Tag Archives: satire

Phone call with Mom

A talk on the phone with Mom inevitably begins with asking for money. It’s not that I’m short on money, quite the opposite in fact for a college student, I just didn’t have enough money on my debit card in this instant to buy an online textbook. Plus, I need that money for weed. After the exchange of financial information, the conversation turns to more motherly things, because mine is the stereotypical Jewish mother, and we’re not even Jewish.

Are you sure you don't need me to send you money, dear? I heard college students buy lots of pots. That's for plants, right? I'm glad you understand the importance of gardening.

Are you sure you don’t need me to send you money, dear? I heard college students buy lots of pots. That’s for plants, right? I’m glad you understand the importance of gardening.

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Great! An excuse to talk about how painfully single I am!

So today’s daily prompt is:

He’s (She’s) So Fine

What was it that drew you to your significant other? Their blue eyes? Their ginger countenance? Their smile? Their voice?

What are you talking about Daily Prompt? Even if I had a significant other they wouldn’t be significant.

I love it when this kind of thing is the daily prompt because a) I get to talk about how painfully single I am (surprise surprise) and b) I get to read defensive posts by other bloggers  that can be summed up by “I don’t need no man”.  What’s really great is that when you go onto the Daily Post’s post for this, most of the pingbacks contain the words “forever” and “alone” (like this one, which won first place by including both). The Daily Post really does not know its audience. I attribute this fact to two things. One, us bloggers are losers, and two, those with enough mad skillz to have significant others are too busy trying to keep them (cite bloggers are losers, above). Continue reading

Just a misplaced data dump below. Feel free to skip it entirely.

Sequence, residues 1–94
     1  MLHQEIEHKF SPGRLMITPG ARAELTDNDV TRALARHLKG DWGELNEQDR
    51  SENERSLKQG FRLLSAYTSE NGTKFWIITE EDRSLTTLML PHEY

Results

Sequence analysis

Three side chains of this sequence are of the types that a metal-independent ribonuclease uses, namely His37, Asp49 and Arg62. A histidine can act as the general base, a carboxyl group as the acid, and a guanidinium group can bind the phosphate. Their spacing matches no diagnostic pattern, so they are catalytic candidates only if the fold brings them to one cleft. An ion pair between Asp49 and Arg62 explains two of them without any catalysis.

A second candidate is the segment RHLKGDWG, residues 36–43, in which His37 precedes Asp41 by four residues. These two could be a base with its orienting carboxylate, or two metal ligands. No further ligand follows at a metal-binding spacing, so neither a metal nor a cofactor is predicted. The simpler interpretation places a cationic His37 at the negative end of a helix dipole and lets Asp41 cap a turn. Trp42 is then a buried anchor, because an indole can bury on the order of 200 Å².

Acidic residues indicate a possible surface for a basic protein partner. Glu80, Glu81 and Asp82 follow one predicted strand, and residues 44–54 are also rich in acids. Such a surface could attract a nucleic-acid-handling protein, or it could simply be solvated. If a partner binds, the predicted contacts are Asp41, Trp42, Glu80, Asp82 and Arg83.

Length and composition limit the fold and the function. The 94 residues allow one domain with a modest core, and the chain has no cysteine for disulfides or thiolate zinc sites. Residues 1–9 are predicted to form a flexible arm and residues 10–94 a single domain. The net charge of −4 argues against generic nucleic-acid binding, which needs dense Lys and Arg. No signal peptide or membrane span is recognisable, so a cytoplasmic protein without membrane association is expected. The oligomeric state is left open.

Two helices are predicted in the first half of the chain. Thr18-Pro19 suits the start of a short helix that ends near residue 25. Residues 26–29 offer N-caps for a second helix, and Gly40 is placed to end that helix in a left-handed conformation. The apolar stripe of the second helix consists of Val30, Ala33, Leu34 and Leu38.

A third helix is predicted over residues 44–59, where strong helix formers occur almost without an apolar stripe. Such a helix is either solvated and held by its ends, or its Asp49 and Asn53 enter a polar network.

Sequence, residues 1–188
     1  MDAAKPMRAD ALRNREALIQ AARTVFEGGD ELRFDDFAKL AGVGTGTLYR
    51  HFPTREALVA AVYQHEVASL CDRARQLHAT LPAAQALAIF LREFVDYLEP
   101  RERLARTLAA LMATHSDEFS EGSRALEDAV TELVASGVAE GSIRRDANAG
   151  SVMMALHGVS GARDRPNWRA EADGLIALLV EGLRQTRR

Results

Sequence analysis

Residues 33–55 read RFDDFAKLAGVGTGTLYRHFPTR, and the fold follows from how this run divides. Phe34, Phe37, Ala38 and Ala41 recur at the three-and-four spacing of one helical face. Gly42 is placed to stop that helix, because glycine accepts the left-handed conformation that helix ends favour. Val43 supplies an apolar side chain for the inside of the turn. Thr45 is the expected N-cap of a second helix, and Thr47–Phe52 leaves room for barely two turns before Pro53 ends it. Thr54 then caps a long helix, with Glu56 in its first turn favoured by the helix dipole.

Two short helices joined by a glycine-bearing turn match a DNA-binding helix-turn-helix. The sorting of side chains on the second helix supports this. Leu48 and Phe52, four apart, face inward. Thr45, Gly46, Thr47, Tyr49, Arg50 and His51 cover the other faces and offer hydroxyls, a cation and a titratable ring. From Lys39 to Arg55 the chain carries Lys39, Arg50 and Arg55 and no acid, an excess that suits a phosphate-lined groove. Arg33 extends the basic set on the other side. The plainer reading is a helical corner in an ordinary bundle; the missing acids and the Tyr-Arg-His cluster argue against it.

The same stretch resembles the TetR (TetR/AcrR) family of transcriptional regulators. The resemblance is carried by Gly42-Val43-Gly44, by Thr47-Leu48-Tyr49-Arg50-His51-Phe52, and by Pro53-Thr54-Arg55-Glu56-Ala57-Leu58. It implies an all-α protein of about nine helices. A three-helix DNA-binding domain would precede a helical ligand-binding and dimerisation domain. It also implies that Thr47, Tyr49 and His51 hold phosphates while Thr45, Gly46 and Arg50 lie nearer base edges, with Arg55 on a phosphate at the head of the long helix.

How I Met My Rock (Quite Literally)

I was walking through the forest one day when my foot was rudely blocked by a large something-or-another. The large something or another turned out to be a rock. I went sprawling onto the ground and, by the force of my foot, it went skipping out in front of me. Dazed, I stood up, brushed myself off, and looked at the object I had collided with. I apologized profusely, and it said nothing.

It was a tough cookie to crack.

It was a tough cookie to crack.

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